This story on breast reduction surgery is triggered by news reports about Simona Halep, a Romanian tennis player whose breasts are so large they reportedly affect her performance on court. While this has launched predictably vulgar chatter around the Internet, it does create something of a "teachable moment" on the topic of macromastia, as the condition of excessive breast size is known.
Alas, the Daily News isn’t quite up for the challenge.
On the positive side, the reporter did talk to four breast surgery specialists and provides a basic explanation of the condition. The reader essentially learns that macromastia can be serious–that it causes pain, limits activity and can be treated with surgery.
On the negative side:
The story’s rosy view of the surgery is likely to have been shaped by the enthusiasm of the four plastic surgeons used as sources, one of whom has "his" own technique, called the "lollipop lift." All have economic self-interest in seeing breast reduction surgery portrayed as medically important and highly effective. The story has conveyed this viewpoint without resistance.
[Curiously, all of the sources are men.]
A reader is likely to exit this story with plenty of questions: How successful is the surgery, and how long-lasting are the symptoms? At what point does breast size become a treatable condition? At what point do the benefits of surgery outweigh the risks? Is this problem best treated early to prevent chronic pain from settling in?
Alas, the story doesn’t explore any of these questions.
And it can’t go without a final mention: Comparing the symptoms of excessively large breasts to those of metastatic cancer is just shameful.
The story fails to mention the cost of breast reduction, which ranges from $6,000 to $10,000.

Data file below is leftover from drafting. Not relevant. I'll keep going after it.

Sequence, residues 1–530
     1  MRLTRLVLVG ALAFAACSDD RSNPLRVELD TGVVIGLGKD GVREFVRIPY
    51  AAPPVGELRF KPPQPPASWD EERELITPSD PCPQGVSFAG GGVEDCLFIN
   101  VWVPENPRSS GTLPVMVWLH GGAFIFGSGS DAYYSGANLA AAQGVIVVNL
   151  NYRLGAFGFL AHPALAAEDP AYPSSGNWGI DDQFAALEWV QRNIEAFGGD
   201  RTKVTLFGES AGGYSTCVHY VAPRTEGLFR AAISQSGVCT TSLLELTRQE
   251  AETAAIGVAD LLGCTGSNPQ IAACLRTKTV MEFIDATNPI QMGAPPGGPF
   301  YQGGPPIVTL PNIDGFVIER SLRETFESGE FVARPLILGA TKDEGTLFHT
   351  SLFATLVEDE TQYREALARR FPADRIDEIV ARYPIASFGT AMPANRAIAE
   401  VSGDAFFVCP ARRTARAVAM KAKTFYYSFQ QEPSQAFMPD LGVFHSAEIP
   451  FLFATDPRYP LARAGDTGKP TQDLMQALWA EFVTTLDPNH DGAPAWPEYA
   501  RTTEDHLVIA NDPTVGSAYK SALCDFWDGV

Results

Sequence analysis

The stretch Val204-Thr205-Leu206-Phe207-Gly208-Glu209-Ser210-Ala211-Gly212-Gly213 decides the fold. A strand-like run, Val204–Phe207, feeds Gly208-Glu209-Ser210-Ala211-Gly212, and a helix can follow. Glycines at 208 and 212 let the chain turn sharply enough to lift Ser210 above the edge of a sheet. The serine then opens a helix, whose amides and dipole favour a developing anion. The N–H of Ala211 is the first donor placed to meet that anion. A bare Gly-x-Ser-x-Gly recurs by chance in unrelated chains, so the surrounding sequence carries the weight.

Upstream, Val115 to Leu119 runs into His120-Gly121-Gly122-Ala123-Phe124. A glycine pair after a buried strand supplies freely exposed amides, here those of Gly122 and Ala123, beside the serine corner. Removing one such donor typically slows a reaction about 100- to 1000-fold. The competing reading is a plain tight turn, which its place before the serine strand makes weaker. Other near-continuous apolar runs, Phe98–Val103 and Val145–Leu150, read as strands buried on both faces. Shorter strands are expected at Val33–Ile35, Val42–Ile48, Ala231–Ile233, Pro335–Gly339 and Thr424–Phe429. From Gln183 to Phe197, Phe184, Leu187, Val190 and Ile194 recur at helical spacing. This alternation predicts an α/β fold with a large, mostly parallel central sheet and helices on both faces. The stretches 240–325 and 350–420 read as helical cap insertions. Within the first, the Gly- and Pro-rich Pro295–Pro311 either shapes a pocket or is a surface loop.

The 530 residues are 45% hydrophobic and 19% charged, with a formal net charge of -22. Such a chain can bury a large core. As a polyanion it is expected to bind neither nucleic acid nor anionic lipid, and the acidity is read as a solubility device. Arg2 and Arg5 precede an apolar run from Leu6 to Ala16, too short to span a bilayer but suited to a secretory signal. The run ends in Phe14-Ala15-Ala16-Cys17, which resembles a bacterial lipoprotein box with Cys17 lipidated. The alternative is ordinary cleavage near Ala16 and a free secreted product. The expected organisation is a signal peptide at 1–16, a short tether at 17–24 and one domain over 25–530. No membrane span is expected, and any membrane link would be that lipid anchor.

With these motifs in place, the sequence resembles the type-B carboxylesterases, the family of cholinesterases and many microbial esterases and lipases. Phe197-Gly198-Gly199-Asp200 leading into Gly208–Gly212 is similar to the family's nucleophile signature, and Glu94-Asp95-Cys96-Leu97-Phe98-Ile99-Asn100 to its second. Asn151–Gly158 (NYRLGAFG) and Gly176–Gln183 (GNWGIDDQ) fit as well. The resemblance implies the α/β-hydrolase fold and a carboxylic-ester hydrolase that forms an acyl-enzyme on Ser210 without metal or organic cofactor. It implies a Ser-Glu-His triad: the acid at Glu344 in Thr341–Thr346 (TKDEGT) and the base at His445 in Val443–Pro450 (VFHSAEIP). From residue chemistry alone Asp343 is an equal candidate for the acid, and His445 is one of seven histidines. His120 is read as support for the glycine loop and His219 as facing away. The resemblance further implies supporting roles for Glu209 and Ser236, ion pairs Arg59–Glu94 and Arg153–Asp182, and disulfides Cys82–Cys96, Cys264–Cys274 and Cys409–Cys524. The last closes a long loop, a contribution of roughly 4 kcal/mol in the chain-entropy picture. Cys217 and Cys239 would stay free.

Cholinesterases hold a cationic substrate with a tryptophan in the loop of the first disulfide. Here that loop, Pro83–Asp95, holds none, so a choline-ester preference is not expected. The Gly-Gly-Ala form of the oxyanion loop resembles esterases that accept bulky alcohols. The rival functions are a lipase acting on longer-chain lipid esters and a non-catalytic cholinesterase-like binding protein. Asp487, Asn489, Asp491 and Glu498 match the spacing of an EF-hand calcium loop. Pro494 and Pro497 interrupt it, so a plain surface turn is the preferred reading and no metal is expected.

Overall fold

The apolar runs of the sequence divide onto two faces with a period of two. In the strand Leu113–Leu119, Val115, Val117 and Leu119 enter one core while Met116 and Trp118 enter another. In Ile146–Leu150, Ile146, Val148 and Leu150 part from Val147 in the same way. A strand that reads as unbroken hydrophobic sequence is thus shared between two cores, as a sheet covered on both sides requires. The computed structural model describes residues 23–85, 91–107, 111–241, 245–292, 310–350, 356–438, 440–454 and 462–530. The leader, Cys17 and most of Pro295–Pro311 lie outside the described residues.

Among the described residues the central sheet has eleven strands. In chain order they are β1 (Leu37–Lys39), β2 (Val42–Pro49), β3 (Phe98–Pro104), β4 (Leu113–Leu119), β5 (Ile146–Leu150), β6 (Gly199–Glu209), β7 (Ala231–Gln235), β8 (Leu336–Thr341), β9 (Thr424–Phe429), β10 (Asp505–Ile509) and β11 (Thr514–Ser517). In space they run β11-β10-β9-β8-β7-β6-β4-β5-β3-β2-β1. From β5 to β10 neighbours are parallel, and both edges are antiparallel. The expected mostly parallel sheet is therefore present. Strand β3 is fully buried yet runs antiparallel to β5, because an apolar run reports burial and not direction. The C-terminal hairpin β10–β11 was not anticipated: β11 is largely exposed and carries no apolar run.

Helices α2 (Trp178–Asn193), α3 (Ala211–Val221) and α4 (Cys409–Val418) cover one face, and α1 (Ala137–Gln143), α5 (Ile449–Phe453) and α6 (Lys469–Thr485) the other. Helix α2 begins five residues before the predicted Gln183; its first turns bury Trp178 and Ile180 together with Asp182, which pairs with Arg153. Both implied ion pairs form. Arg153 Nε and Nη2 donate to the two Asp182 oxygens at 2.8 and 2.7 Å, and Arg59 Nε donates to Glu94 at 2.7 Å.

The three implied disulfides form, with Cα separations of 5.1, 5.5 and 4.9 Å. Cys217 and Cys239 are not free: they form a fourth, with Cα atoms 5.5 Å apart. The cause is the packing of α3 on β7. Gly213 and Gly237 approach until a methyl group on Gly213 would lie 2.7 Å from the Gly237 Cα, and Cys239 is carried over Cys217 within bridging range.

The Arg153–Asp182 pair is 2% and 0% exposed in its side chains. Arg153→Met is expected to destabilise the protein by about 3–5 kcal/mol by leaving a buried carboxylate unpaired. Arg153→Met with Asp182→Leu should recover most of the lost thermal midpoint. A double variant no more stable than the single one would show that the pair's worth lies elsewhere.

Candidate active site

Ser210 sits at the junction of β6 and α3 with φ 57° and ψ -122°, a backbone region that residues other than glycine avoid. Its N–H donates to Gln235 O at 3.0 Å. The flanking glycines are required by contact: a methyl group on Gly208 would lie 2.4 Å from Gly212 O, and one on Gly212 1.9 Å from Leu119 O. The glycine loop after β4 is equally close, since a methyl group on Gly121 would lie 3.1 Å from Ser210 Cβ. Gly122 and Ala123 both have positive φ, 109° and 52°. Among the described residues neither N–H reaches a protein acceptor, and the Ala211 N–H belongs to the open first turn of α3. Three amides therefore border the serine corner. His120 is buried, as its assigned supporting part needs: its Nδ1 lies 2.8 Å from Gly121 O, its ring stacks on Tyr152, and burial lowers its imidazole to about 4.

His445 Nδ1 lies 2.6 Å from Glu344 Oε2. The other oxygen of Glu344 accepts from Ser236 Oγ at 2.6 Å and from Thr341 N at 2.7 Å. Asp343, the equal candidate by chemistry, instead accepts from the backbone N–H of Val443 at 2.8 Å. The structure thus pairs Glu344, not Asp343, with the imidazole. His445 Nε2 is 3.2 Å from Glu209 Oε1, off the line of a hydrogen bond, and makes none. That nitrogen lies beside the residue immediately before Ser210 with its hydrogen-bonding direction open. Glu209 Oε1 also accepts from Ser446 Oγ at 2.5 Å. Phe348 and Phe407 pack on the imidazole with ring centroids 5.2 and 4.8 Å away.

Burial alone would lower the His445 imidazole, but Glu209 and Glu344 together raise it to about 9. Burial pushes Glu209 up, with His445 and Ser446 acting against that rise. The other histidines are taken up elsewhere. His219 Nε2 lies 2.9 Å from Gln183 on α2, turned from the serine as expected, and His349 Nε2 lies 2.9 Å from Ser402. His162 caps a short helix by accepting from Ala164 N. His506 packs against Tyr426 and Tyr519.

The story includes the fact that insurance sometimes pays. But readers would be curious to know what might qualify/disqualify women for coverage.
The story describes the benefits of breast reduction surgery but does not use any data to quantify the frequency or magnitude of the benefit.
The story fails to mention the risks of breast reduction surgery, which are considerable: infection, bleeding, blood clots, nerve and muscle damage, plus the risks associated with anesthesia.
Further, the story fails to mention a risk of great importance to younger women: inability to breastfeed.
The story does not cite any evidence of rates of pain reduction and increased mobility.
The story quotes a doctor who compares the pain of macromastia to the pain suffered by someone with metastatic cancer of the spine.
This is a shamefully sensational exaggeration. It is completely unnecessary to make the point that macromastia is a serious and debilitating condition.
The story includes comments from four plastic surgeons linked to credible institutions.
Having said that, all of the sources are biased in favor of the procedure for reasons of economic self-interest.
It’s also worth noting that all four are men.
The story quotes a specialist saying that women with macromastia who do not have surgery can wear special reinforced bras, sports bras or even two bras, and can treat pain with analgesics and rashes with ointments.
The story states that 140,000 women per year get breast reduction surgery. This clearly implies wide availability.
The story makes plain that the surgery is commonly done and makes no claim for its novelty.
There does not appear to be a press release linked to this story.